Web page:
4. vickiemartin Post author

    oh Naomi, i read the $100 Start Up too – i assume that is what you are referring to. And I’ve known people that go to his summit in Portland too (he gave them all $100 a few years back) – well, I know them virtually!

  5. Kelly L McKenzie

    I’m not on the Elizabeth G bandwagon, myself. However, my niece, whom I much admire adores her and she recommended Big Magic to me just a few days ago. Whoa. Twice in a week. I’m going to have to check it out. And Nancy Drew? LOVED her. I’m with you – she was a key factor in my youth. Her and Ned and his roadster!

  6. Amy Putkonen

    What a fantastic list! I may have to add a few of these. One that I would add is The War of Art by Steven Pressfield. That’s another good one that would fit very well in your library! Man! Wish I lived closer!

  7. vickiemartin Post author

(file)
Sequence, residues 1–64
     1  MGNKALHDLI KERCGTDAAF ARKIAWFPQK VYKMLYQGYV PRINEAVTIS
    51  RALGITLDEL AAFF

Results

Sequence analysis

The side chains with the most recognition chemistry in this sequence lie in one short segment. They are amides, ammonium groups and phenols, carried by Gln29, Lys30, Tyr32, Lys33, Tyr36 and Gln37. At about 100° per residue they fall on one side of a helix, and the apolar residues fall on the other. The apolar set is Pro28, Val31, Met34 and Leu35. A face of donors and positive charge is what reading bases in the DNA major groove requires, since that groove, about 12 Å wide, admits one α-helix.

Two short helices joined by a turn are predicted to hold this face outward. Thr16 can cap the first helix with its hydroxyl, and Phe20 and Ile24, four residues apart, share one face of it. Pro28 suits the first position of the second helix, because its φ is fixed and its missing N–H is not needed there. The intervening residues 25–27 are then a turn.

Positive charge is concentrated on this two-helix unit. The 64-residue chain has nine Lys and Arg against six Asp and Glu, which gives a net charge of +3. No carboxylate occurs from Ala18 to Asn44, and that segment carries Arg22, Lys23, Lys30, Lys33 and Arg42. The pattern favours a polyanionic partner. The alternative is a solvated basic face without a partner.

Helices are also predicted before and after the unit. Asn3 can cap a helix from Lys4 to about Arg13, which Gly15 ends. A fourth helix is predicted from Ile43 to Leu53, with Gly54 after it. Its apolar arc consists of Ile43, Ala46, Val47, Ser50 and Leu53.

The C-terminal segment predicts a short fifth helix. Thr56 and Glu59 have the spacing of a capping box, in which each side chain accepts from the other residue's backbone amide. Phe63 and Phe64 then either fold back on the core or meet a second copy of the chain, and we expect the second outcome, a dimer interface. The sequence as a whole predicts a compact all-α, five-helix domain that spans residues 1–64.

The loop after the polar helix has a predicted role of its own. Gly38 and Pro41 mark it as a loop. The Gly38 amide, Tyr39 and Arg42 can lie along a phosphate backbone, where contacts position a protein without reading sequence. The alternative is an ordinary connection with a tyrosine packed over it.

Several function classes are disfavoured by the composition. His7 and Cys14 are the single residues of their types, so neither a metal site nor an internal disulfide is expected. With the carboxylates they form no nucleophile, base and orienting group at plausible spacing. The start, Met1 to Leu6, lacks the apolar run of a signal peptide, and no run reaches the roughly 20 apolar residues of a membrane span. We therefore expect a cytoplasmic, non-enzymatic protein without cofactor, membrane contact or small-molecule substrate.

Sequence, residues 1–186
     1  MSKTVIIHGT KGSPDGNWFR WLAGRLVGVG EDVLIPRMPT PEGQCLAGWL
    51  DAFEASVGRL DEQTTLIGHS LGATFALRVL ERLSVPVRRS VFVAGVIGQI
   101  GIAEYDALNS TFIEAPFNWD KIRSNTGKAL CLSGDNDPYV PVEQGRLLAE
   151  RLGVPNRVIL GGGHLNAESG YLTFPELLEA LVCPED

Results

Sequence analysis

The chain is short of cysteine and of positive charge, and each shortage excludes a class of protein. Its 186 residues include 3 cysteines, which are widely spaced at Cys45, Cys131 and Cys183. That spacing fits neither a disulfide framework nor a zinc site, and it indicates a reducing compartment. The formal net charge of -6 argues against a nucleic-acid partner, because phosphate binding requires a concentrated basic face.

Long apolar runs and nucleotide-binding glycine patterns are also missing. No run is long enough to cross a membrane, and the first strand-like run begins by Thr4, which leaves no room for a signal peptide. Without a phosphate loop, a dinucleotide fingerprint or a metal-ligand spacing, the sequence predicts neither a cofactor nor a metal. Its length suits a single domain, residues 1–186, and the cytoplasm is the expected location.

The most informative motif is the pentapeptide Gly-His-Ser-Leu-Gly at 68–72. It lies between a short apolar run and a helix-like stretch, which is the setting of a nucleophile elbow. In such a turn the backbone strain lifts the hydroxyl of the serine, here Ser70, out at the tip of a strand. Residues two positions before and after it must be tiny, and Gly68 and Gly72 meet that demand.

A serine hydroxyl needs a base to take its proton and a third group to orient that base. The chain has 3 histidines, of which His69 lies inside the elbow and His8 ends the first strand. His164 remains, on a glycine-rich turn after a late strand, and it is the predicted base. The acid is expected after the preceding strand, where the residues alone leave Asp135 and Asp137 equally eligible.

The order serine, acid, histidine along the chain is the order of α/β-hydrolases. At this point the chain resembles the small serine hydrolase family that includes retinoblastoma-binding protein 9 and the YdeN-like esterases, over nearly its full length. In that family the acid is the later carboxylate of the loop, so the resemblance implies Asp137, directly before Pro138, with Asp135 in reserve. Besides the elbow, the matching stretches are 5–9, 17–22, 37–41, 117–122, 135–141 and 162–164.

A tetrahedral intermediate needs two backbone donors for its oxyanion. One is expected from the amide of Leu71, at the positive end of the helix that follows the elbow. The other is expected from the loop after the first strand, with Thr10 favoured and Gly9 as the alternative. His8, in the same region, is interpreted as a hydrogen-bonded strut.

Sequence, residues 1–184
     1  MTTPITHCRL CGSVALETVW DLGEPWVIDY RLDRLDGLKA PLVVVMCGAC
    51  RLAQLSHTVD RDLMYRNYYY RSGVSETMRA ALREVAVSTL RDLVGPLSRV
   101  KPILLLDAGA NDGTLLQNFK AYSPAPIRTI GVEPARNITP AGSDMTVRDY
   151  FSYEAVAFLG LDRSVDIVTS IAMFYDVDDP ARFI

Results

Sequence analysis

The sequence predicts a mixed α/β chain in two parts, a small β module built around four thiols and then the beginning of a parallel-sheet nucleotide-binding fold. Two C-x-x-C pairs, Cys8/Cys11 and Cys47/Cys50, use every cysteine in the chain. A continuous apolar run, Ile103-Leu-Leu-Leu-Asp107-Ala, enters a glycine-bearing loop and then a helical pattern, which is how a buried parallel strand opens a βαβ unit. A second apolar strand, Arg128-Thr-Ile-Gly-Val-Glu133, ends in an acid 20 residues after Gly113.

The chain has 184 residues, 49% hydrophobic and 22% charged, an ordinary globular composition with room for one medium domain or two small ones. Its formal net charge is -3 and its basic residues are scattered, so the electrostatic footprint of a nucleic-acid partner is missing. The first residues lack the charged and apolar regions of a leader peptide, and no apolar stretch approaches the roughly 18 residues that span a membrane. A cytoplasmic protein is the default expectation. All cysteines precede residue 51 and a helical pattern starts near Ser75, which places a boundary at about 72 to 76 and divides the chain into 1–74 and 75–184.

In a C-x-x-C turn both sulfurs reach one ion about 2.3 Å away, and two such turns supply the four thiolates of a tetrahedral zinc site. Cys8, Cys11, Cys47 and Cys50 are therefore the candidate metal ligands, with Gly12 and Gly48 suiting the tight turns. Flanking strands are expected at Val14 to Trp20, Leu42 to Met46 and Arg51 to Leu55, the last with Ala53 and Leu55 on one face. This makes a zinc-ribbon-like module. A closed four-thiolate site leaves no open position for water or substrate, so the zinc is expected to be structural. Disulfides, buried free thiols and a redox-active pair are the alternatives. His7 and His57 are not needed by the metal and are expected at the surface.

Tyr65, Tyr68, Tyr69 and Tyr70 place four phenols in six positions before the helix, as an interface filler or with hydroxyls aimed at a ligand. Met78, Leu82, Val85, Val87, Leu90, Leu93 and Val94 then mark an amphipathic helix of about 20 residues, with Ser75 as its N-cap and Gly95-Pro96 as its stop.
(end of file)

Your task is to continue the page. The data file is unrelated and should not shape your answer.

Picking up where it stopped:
Oh – I wish you lived closer to – we could share books. The War of Art is a good one! There are so many – I’m a reading whore I guess.

  8. vickiemartin Post author

    I read Big Magic in the bathtub – not a good thing to do with a book to keep notes in. I learned to respect my creative work – that was a big thing to me. As far as Nancy Drew – I read them and they take me back to discovering that moment that I loved reading about it all!

  9. Elda

    Okay, now I am intrigued with Big Magic. I too have not jumped on that bandwagon yet. However, I did read her Eat, Pray, Love book and LOVED that book and yet for some reason have not picked up any of her books since then. Thanks for the ‘nudge’.

  10. Alyson Stanfield

    Just saw this and am honored that “I’d Rather Be in the Studio” is on this list – especially because I know how many books you read, Vickie.

    I’m a huge fan of most of these (don’t know The Old Album or Hiking Atlanta).

    Every artist must read Big Magic. It’s powerful stuff!